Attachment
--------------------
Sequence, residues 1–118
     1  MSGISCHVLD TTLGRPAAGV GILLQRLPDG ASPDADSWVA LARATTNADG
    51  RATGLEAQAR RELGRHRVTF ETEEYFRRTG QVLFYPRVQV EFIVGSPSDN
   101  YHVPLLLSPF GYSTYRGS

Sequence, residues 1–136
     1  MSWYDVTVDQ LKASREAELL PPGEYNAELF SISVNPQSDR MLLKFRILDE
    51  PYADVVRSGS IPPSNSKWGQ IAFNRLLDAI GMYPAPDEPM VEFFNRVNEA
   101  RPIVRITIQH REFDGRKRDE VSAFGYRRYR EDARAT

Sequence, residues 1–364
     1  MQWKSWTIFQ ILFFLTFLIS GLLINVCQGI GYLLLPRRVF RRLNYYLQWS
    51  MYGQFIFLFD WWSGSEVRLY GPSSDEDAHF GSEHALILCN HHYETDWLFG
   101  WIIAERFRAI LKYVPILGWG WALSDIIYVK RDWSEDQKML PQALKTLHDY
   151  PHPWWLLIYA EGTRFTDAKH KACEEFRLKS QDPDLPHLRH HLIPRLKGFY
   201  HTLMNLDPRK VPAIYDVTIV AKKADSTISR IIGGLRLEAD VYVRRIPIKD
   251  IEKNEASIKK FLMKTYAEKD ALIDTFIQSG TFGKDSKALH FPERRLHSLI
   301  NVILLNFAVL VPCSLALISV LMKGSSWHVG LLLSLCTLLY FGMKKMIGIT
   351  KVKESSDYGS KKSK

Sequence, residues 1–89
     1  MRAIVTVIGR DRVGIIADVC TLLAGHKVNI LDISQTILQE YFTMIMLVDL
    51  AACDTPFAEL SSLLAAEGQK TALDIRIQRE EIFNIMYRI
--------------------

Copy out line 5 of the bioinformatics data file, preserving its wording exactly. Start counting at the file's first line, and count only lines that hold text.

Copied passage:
Sequence, residues 1–136